Home Technology Plant Prefab Raises $42 Million to Build ‘Extremely Sustainable’ Custom Homes – businessroundups.org

Plant Prefab Raises $42 Million to Build ‘Extremely Sustainable’ Custom Homes – businessroundups.org

by Ana Lopez
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Prefabricated houses always seem to be on the cusp of something big – solving housing shortages, tackle systemic waste or just in general usher in in the very current.But in the US, new prefab homes still represent a small portion of the market (approx 2% of, for example, single-family homes built in 2021).

It is now clear that prefabrication was not a panacea The housing crisis in America, but Plant Prefab says its vision for it — along with $42 million in additional funding and a new factory — will still have an impact, eventually delivering a whopping 900,000 square feet of “extremely sustainable” and “extremely healthy” homes per year . The startup estimates that this represents about 800 units annually, in a mix of houses, condos and apartments.

Many startups make prefab homes, including Veev, Mighty Buildings, Cover, Modulous and Factory OS. Plant Prefab says its focus on developing bespoke homes for urban areas is unique.

“The vast majority of companies out there are geared toward standard homes,” offering a selection of models with customizable finishes and fixtures, CEO Steve Glenn told businessroundups.org. In contrast, he said Plant Prefab works with architects to prefabricate their designs because they “understand the local language, local permitting process, local materials and local needs.” He added, “we want to give them a more efficient way.”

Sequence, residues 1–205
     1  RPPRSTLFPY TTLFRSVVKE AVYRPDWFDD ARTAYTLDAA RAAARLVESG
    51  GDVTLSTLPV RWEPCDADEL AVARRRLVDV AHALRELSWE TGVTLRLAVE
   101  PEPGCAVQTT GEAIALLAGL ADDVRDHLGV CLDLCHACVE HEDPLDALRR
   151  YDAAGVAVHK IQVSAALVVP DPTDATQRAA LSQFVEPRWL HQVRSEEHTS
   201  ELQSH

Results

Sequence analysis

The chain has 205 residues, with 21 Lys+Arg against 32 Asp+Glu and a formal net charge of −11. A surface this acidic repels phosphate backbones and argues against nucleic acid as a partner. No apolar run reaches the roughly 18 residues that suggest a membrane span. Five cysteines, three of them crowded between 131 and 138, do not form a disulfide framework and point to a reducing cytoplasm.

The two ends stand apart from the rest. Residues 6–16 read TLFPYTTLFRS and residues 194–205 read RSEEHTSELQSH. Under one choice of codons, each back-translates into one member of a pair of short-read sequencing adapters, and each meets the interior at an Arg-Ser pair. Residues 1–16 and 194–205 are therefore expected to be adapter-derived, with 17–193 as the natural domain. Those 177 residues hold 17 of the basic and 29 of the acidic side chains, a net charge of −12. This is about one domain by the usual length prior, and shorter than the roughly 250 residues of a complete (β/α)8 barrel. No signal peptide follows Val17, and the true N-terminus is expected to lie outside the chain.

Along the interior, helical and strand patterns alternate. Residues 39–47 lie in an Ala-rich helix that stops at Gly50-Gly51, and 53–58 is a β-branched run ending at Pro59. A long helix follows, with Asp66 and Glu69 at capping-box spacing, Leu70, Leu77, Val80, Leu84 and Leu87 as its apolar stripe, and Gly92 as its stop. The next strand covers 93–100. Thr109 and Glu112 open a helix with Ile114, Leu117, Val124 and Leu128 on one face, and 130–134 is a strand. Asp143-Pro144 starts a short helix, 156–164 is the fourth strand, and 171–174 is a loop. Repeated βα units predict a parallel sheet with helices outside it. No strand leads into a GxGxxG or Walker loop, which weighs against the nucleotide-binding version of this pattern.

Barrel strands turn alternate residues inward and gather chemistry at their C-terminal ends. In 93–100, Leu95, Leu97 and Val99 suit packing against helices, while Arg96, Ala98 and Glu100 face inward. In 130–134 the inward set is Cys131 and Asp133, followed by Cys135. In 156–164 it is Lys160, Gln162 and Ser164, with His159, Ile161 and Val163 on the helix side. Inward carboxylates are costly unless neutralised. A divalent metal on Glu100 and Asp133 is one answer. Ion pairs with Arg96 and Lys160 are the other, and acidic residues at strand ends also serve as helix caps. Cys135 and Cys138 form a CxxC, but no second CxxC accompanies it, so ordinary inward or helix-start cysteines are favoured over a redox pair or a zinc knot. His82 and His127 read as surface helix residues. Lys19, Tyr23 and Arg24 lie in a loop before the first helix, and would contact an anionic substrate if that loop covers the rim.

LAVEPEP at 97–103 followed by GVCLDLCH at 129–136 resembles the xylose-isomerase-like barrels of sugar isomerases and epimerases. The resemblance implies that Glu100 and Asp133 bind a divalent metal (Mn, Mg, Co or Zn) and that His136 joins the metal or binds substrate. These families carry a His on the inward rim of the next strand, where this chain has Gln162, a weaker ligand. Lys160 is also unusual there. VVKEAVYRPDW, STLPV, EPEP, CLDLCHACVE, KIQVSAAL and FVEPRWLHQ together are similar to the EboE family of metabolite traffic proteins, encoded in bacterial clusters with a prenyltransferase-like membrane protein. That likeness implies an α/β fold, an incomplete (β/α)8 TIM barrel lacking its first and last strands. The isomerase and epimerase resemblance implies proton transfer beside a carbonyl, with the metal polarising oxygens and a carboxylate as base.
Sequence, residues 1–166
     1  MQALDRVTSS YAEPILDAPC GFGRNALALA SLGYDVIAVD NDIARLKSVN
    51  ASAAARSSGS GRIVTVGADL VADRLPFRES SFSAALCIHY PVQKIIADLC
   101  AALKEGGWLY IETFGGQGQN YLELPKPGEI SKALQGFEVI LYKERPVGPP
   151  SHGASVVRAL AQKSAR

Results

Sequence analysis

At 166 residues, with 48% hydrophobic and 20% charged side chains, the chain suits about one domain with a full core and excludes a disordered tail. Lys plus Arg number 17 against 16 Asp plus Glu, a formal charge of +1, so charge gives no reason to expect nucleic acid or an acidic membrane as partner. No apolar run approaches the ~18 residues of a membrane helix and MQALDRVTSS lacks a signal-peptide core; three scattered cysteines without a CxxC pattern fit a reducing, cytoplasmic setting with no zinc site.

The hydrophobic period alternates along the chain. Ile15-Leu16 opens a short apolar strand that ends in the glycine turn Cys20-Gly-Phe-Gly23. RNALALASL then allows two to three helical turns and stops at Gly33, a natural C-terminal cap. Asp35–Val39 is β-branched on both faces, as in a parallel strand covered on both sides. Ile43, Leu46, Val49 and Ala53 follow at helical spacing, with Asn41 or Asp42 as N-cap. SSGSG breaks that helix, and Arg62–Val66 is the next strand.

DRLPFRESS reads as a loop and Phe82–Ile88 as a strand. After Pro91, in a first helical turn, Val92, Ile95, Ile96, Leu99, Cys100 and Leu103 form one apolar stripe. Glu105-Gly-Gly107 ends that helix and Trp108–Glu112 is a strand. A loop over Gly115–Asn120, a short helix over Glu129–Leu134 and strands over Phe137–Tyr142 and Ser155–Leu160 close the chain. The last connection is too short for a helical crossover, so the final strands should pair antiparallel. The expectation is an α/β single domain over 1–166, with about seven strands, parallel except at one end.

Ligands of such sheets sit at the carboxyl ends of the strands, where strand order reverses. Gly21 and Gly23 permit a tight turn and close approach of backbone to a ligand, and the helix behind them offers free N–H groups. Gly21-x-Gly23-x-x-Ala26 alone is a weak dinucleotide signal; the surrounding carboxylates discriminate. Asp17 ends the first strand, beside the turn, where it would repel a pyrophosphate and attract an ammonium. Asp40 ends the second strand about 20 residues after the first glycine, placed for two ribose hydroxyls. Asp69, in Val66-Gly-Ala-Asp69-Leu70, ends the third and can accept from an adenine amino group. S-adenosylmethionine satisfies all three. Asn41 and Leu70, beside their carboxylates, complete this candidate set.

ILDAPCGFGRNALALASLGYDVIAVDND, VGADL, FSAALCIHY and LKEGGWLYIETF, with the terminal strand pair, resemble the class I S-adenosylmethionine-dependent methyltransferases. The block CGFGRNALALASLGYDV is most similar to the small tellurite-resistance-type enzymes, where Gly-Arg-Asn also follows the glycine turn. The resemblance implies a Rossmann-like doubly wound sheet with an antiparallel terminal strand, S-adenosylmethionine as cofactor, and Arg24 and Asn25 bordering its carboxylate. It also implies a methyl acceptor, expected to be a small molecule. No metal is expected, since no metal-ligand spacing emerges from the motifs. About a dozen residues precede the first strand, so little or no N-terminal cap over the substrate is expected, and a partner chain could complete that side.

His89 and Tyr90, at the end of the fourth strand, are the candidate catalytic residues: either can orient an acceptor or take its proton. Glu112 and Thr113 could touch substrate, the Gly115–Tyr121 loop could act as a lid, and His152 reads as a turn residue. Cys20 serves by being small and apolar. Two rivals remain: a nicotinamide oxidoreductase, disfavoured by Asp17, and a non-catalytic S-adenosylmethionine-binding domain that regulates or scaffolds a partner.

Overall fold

The CEO described Plant Prefab’s building system as “our own Legos in a way.” The company produces panels with built-in infrastructure. “We combine it into specialized modules for kitchens, baths, utilities — in other words, the expensive parts of the house,” he said. And on the software side, Glenn said the company offers a 3D configurator and works with third-party CAD software to build a “structural, mechanical, electrical and plumbing model of every home we build so we can for absolutely accurate take-offs” and limit construction waste.

The new, automated facility will be a “major change for us,” Glenn told businessroundups.org. He said the company currently produces about 40 homes a year through two other facilities. “Our average project takes three months, so we’re damn fast, but significantly faster in the new facility and at a much lower cost,” he added. As things were, Glenn said the company made $16 million in revenue last year.

Aerial view of Plant Prefab's incoming factory in Tejon Ranch, California.

An aerial view of Plant Prefab’s incoming factory in Tejon Ranch, California. Image Credits: Plant prefabricated

Quote carbon emission savings associated with urban living, Glenn believes the company’s focus on faster urban fill-in will ultimately help the planet. The company’s environmental claims also include designs for energy and water conservation, using recycled drywall and insulation, as well as more environmentally friendly paints, and buying carbon offsets to cover “our homes’ first two years of operation,” Glenn said. He added: “We have designed the first ever home to be LEED Platinum certified in the history of the program [and we’ve] had more than 30 homes certified LEED Platinum.” The startup is also one B Corp.

Not counting electricity, the construction industry made up 14% of U.S. greenhouse gas emissions in 2019. What’s worse is that things are going in the wrong direction: The company is “not on track to reach net-zero emissions by 2050,” warned a Report 2022 of the Information Technology and Innovation Foundation.

The new round of Plant Prefab consists of about $30 million in equity capital led by Brazilian steelmaker Gerdau, as well $12 million in debt from Silicon Valley-based Western Technology Investments and ATEL Capital. Other investors looking to get involved on the equity side include Tokyo-based chemical company Asahi Kasei, a Brown University Alumni Group and Unreasonable collectivea business club. That’s on top of early upgrades from companies like Amazon and Obvious Ventures.

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